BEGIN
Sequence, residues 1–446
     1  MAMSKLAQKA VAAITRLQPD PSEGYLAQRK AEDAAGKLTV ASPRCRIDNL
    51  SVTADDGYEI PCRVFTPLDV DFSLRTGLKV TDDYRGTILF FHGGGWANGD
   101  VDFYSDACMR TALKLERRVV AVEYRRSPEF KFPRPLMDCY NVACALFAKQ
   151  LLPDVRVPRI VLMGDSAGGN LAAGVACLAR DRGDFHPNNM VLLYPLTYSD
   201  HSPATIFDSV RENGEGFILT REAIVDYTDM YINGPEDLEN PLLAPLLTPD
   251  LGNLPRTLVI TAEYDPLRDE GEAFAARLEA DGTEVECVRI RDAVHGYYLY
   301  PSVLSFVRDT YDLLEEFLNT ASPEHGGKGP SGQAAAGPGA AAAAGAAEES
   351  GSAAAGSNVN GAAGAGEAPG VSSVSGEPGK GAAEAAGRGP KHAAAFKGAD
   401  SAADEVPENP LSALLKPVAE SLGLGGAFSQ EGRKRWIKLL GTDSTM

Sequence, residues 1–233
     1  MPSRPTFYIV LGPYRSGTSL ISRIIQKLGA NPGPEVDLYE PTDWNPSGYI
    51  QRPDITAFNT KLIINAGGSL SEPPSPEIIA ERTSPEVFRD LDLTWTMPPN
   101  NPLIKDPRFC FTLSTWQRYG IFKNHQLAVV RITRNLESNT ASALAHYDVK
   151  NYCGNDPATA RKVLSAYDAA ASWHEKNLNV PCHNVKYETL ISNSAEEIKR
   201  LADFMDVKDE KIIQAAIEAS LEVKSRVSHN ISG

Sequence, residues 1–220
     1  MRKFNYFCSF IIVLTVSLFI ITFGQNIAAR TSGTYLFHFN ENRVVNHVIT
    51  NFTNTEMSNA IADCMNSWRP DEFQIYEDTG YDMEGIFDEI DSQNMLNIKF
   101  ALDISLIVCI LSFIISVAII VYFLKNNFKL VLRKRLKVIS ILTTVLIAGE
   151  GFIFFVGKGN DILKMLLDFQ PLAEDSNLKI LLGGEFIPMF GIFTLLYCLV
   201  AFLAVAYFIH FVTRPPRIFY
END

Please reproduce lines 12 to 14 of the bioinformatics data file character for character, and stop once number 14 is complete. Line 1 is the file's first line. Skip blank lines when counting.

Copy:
     1  MPSRPTFYIV LGPYRSGTSL ISRIIQKLGA NPGPEVDLYE PTDWNPSGYI
    51  QRPDITAFNT KLIINAGGSL SEPPSPEIIA ERTSPEVFRD LDLTWTMPPN
   101  NPLIKDPRFC FTLSTWQRYG IFKNHQLAVV RITRNLESNT ASALAHYDVK